Come on, get Happi | Good Fruit Grower

A Canadian-bred pear variety, HW 624, awaits harvest in a Quincy, Washington, block in late August. It’s the first commercial harvest for the fruit, marketed as the Happi Pear by Stemilt Growers, which holds the exclusive U.S. license to the pears. (TJ Mullinax/Good Fruit Grower)

This fall, Stemilt Growers harvested its first commercial crop of the Happi Pear, launching one of the first proprietary pear marketing campaigns in the U.S. 

The launch serves as a test case to see if new varieties can help to reinvigorate a long-lagging category.

“The thing that we got really excited about with Happi is that we would be able to brand a pear and market it differently than pears are marketed,” said Brianna Shales, Stemilt’s marketing director. 

Unlike the apple market, the pear category remains dominated by traditional European cultivars, and consumers want to try something new, she said. And managing a proprietary pear allows for controlling quality to build demand for it.

The pear itself is not so new. The cultivar, HW 624, was bred decades ago by the Agriculture and Agri-Food Canada breeding program in Harrow, Ontario, which also produced several fire blight-resistant cultivars, including Harrow Sweet, Harrow Crisp and the Harovin Sundown, now marketed as Cold Snap. In 2013, the Vineland Research and Innovation Centre inherited the breeding program’s advance selections and began to explore opportunities for commercialization. Cold Snap began commercial promotions in Canada about five years ago, and another pear, HW 623, or Dewdrop, is under development.

“This is Canadian-bred fruit we want to showcase around the world,” said Ian Potter, Vineland’s CEO. The center also has thousands of apple selections in its breeding program, but new pears have a better opportunity to break into a less-crowded marketplace, he said. “There’s a gap on store shelves of the quality people will buy again and again. I think Cold Snap is one, Happi is definitely one, and we’re looking at if Dewdrop might be one, too.”

Vineland relies on market intelligence as it develops new varieties, Potter said, and the consistent quality, flavor and texture help the Happi Pear stand out.

“I’ve had a love-hate relationship with pears in the past, because they turn into mush,” he said. “I’ve never had a bad one of these.”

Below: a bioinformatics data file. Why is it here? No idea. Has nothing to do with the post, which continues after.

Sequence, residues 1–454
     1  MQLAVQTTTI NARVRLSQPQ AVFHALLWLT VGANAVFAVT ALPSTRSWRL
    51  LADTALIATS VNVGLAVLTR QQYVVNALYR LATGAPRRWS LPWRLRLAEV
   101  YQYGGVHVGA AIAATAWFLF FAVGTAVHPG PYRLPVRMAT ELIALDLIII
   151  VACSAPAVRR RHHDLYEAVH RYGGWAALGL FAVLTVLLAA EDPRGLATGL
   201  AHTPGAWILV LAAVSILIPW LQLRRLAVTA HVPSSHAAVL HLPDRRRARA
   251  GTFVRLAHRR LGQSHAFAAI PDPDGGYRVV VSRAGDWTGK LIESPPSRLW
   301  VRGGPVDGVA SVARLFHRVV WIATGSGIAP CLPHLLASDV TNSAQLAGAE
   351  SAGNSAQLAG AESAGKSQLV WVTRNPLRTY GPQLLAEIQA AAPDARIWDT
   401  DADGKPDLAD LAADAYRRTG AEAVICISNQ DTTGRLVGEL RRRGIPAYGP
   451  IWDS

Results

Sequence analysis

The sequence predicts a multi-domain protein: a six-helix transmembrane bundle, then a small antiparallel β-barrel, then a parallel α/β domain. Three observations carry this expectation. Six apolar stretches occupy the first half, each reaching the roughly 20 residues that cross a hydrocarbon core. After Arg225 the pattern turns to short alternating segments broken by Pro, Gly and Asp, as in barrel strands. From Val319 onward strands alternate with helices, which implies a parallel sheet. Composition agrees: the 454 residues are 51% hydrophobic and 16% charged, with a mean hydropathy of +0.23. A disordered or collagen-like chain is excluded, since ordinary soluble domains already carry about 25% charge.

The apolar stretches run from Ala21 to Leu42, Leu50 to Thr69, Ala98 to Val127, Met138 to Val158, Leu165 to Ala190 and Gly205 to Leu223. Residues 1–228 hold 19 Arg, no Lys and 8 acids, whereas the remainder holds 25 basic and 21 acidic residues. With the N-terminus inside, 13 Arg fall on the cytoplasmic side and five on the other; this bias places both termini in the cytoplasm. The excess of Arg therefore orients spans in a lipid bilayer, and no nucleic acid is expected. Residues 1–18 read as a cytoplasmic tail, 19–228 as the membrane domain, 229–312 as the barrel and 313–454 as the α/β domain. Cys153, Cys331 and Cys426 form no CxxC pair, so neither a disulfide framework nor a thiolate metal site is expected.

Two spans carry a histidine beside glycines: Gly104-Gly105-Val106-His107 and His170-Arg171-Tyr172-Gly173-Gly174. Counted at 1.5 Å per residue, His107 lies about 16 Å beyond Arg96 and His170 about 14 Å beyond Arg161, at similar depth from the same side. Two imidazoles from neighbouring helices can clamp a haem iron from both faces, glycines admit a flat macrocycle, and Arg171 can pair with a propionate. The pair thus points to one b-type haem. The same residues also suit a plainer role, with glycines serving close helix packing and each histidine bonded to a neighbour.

Happi Pear counts as a grandparent the Bartlett, which has a narrow window of perfect eating quality. However, Happi offers more flexibility.

“The other thing that’s really exciting is that you can eat it when it’s green and firm, because it’s sweet and flavorful, or eat it when it’s soft and yellow,” Shales said. “There’s nothing worse than a consumer coming home, waiting to eat something, and they have a bad experience.”

The texture is just a little different from Bartlett, firmer even when soft, and the sweet flavor has a hint of lemon, she added. 

So far, the reception has been good, Shales said. With just 260 bins to market this year, Stemilt opted to work with a few smaller retailers to test introductions of the Happi Pear and its bright, playful purple branding. 

The variety offers horticultural advantages, too, said Rob Blakey, Stemilt’s research and development director who runs extensive variety trials for the company. It has tolerance to some key pests, grows well in higher-density plantings, around 900 trees per acre, he said, and is pretty precocious.

“You don’t have to plant pears for your heirs. You can crop it like an apple, which is pretty exciting,” Blakey said. “Looking at the economics, it makes a big difference to get the orchard cropping early.” 

Like a lot of other Harrow pears, Happi Pear is fire blight tolerant. It’s not resistant, but infections are less common, and strikes that do occur don’t run and spread. The cultivar also appears to be psylla tolerant, although the mechanism isn’t fully understood yet, Blakey said.

Blakey and Shales were circumspect about Stemilt’s plans to grow the program, but if growers are interested, Blakey encouraged them to reach out.

“We’re cautious, but we’re excited about it,” he said. Introducing a new pear may be a difficult proposition. “But people love good eating pears. We just have to deliver good eating pears to grow the category.”

And by and large, the pear industry is doing that with better handling of existing cultivars, he said. He sees this new branded program as part of the industrywide effort to deliver better pears to consumers and rebuild a reputation for consistent quality. 

While Stemilt holds the exclusive U.S. license, Canadian growers are planting HW 624 trees as well, Potter said, and will market them under the same Happi Pear brand that Vineland and Stemilt developed together. Vineland is also working on commercializing the variety beyond North America. 

by Kate Prengaman

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